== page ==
The relative swing of members 12 and 30 is limited by coacting formations including a transverse stud 46 on the handle and aligned arcuate slots 44, centered on pivot pin 41, on cheeks 101, 102. Naturally, the arrangement could also be inverted by having a slot in the handle traversed by a pin spanning the two cheeks. The clearance between these cheeks accommodating the members 23 and 31 is closed at the left-hand edge of body 10, as seen in FIG. 3, by a solid wall integral with body cheeks against which a leg of a hairpin spring 45 comes to rest, the other leg of that spring bearing upon member 30 in a sense tending to increase the angle α included between the two shanks. Thus, by squeezing the two shanks 12, 31 together against the force of spring 45, as shown in FIG. 3, the user may advance the rack 23 toward the right by one or two teeth at a time, thereby progressively restricting the work space S and correspondingly squeezing or cutting into the workpiece W. If that workpiece is a heavily insulated cable with a conductive core of a diameter equaling that of the space S in the closure position of FIG. 1, the jaws 20, 21 can be used to strip the insulation clean from part of that cable. The tool body 10 of generally U-shaped cross-section, with its parallel cheeks 101, 102, could be formed from a bent strip of sheet metal.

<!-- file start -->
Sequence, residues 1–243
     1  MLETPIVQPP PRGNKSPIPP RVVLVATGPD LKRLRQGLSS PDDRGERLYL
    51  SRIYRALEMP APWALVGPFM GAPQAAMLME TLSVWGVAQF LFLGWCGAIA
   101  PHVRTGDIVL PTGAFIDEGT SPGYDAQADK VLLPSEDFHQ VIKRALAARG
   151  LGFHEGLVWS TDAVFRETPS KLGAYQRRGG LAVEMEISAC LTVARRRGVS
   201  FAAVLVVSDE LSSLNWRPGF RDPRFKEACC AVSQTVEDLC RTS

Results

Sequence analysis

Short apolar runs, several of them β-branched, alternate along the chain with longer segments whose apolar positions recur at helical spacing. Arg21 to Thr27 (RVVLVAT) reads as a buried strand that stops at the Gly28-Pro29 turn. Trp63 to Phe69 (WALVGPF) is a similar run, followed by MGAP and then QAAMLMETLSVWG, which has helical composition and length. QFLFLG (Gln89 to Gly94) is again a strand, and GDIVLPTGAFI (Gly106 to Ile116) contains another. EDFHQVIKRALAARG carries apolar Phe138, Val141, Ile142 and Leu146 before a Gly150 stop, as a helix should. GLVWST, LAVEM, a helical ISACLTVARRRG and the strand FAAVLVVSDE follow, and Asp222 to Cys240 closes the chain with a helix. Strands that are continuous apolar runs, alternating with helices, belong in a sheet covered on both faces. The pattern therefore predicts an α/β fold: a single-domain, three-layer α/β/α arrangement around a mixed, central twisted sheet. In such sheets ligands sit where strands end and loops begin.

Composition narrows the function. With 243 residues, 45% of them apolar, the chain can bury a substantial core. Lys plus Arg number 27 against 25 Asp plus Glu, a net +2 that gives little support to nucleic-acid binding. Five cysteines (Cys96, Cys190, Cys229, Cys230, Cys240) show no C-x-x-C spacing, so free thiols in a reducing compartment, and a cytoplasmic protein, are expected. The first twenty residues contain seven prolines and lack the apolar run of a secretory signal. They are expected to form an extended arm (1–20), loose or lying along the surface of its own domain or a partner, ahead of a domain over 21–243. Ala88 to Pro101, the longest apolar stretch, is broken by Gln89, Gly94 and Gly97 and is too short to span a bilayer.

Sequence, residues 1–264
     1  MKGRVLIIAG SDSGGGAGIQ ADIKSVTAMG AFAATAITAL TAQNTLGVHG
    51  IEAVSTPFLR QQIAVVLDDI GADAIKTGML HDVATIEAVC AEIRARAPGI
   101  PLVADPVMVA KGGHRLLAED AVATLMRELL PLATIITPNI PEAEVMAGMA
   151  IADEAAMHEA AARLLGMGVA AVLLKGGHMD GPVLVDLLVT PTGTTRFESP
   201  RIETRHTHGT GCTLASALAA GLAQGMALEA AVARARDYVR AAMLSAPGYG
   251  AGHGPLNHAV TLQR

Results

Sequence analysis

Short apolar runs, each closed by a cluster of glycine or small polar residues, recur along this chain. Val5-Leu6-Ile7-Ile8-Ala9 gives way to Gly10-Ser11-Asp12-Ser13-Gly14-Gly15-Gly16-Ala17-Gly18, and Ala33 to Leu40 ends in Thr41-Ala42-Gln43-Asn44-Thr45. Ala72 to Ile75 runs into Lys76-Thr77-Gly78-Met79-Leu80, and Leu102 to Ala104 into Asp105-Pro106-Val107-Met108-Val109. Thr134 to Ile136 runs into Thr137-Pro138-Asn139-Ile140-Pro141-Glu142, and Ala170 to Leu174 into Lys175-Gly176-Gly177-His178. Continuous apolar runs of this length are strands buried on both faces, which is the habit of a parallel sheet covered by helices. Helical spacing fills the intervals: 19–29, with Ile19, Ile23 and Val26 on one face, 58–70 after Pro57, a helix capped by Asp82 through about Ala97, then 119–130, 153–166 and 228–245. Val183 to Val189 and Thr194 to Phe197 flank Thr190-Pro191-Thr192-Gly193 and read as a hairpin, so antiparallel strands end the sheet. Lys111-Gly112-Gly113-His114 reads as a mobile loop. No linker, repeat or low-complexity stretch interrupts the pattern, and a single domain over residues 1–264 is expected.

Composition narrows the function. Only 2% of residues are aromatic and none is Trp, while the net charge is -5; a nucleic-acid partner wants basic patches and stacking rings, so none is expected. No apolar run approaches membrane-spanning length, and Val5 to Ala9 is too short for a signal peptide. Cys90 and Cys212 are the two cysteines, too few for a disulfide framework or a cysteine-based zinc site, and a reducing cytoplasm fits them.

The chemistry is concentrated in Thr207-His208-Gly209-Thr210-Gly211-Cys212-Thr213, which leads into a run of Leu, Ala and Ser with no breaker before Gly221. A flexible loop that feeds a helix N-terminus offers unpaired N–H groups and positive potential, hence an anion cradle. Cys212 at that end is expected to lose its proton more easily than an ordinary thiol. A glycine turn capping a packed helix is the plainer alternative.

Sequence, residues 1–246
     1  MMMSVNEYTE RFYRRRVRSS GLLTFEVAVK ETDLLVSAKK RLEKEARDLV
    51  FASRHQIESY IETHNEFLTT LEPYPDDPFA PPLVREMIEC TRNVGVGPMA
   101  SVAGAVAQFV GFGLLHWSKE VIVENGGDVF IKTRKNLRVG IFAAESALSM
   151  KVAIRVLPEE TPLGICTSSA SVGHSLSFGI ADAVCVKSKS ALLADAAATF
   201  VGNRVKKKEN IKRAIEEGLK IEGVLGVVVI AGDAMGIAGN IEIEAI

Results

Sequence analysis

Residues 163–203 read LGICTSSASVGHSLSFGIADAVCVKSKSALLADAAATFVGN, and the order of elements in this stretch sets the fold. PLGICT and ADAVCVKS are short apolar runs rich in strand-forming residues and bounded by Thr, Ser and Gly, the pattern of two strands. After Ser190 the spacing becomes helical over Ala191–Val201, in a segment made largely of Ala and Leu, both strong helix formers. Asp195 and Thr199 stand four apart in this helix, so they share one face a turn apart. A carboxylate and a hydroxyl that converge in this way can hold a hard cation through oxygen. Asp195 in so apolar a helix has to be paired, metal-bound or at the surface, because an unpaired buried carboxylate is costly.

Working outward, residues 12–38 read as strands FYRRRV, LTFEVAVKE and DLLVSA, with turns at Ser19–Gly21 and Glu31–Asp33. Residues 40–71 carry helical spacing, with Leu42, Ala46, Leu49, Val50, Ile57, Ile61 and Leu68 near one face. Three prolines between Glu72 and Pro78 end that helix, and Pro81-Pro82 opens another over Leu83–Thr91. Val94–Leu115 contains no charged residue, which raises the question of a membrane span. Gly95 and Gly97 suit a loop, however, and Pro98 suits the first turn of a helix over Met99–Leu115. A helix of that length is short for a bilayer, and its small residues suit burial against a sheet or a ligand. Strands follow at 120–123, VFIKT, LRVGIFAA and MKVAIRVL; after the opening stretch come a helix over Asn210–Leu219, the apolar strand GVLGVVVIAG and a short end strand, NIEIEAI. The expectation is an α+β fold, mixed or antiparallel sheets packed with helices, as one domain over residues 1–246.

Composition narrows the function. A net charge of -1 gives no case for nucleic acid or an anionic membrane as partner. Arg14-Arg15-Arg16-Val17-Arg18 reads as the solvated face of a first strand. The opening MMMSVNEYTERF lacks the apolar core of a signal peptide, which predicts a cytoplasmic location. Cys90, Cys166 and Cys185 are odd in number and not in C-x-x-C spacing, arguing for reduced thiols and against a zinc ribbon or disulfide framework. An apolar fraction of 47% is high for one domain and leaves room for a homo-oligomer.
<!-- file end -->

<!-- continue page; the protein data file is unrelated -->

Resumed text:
The retaining pawl 32 could be omitted in the case of inelastic workpieces, not exerting any restoring force upon the rack 23, or if that restoring force is insufficient to overcome the force of spring or springs 24. With pawl 32 absent (or very close to pawl 33), and with rack 33 hinged to arm 22 as shown, the rack need not be curved about fulcrum 42, and could even be straight, as long as the pawl 33 engages its teeth in the immediate vicinity of yoke 34.
Jaws 20 and 21 may be removably seated in their respective carriers 22, 11 for replacement by a different pair, e.g. one with straight cutting edges causing the work space S to disappear completely in the closure position of FIG. 1. Pairs of jaws with relatively staggered sets of parallel blades, e.g. as disclosed in my copending application Ser. No. 647,641, could also be used. In each instance I prefer to place the two fulcra 41, 42 substantially in line with the center of the work space S (or with the contacting jaw edges) in the position of closure.
The rack-and-pawl mechanism 23, 33 allows even heavy workpieces to be deeply indented or completely cut through by a pumping action, i.e. a succession of short strokes each requiring but little force. This mechanism can also be replaced by other unidirectionally effective couplings, e.g. those employing wedges or friction rollers as used in conventional overrunning clutches or freewheels. The force acting on shanks 12 and 31 could be other than manual, e.g. that of a solenoid or a fluidic servomotor.